For me, the determiner is good faith. Generally, if a person is arguing in good faith, together with crossing some very low bar of fact and reason, then I’m reluctant to see any such person censored. But I don’t detect any such good faith in climate denialism. Ever. All I see is a rabid dismissal of scientific truth. So, I’m pretty comfortable with a broad brush policy of “Fuck ’em”. Should that go as far as to ban such people more generally from The Conversation? Maybe not. But not definitely not.
Hi, Marty. I’m puzzling over what you find tendentious about Greg’s post. You haven’t said. He presented a point of view, but he did so up front and honestly, so how was it tendentious?
I, like Greg, am disturbed by what seems to be a growing tendency to silence voices that don’t chime with the consensus. Wouldn’t it be better to either ignore the “dangerous idea” or to counter it with better information? Or do the editors of the Conversation feel that there is something so compelling about climate-change scepticism that readers must be protected from it?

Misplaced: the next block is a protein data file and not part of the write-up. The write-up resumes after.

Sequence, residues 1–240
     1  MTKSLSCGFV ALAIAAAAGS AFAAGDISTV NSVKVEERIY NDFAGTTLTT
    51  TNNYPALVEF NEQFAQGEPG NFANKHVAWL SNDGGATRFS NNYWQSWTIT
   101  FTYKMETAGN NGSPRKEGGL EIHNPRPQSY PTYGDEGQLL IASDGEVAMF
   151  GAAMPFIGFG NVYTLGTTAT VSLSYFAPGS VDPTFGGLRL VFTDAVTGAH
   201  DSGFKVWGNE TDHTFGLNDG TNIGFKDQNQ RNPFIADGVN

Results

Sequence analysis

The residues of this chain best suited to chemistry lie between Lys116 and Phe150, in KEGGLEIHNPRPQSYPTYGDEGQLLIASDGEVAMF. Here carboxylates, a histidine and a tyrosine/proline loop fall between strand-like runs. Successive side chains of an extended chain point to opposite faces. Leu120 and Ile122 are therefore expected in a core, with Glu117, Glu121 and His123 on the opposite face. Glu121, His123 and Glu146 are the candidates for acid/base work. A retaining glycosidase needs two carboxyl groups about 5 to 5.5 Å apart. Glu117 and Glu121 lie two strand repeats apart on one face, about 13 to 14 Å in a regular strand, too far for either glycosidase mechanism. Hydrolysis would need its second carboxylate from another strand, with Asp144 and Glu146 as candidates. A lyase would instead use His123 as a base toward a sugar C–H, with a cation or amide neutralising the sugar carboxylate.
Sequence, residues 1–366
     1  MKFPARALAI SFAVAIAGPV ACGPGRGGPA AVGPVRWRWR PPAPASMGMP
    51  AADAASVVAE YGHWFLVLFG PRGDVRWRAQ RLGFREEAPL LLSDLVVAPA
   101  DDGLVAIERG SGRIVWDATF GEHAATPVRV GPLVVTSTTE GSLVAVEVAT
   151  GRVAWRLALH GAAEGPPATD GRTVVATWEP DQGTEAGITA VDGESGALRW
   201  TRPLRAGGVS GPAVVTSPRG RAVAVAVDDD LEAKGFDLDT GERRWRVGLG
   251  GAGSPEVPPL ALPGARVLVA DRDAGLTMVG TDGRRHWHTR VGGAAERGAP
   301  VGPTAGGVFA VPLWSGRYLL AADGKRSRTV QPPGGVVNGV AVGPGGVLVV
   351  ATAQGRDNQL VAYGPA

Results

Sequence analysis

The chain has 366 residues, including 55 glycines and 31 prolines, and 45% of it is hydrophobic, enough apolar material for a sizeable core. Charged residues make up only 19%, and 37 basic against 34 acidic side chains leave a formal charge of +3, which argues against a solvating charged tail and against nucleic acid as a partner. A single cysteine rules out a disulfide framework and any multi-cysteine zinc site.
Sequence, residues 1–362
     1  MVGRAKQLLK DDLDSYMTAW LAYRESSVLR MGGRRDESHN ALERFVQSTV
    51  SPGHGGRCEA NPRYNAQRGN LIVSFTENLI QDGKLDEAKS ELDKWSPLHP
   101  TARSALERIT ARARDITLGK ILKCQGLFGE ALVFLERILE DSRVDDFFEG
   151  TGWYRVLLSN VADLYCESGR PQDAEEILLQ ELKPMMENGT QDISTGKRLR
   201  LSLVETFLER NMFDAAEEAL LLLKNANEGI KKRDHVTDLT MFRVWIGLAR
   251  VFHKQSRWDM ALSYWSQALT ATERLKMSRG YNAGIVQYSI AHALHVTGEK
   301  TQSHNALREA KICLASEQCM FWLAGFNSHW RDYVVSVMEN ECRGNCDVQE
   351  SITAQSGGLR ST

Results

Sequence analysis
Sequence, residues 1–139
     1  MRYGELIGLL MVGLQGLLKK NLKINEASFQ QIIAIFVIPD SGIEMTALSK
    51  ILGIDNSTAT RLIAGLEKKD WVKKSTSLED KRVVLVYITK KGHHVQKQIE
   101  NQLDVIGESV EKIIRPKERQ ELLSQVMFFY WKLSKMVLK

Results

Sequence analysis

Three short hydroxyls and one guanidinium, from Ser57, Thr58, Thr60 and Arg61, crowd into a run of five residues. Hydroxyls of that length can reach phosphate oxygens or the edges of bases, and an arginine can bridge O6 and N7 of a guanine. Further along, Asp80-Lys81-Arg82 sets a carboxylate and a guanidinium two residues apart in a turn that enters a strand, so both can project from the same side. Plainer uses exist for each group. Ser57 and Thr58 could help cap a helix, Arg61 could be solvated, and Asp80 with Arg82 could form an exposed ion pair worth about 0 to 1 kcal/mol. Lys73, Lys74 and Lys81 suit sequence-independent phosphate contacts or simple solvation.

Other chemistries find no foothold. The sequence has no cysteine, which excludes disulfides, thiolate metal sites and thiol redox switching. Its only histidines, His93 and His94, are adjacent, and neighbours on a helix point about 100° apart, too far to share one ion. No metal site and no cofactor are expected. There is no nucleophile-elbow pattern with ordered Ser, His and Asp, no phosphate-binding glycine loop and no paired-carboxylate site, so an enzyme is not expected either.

I am also disturbed by the readiness to condemn the person rather than the argument. This gives us an excuse to sidestep any argument raised — and that, to my mind, really is bad faith!
Hi, Janita. What I found a little contentious about Greg’s post was equating (maybe equivalencing is more accurate) phonics-denial with climate-denial. I don’t think there is anything remotely like the same culture of wilful ignorance and fetishistic triggering associated with the former as there is with the latter. And, I don’t see any evidence that “counter[ing] with better information” works whatsoever in the case of climate-denial. As such, I’m quite happy to side with The Conversation in treating climate-assholes as a special case, while being open to Greg’s criticism of banning the assholes entirely.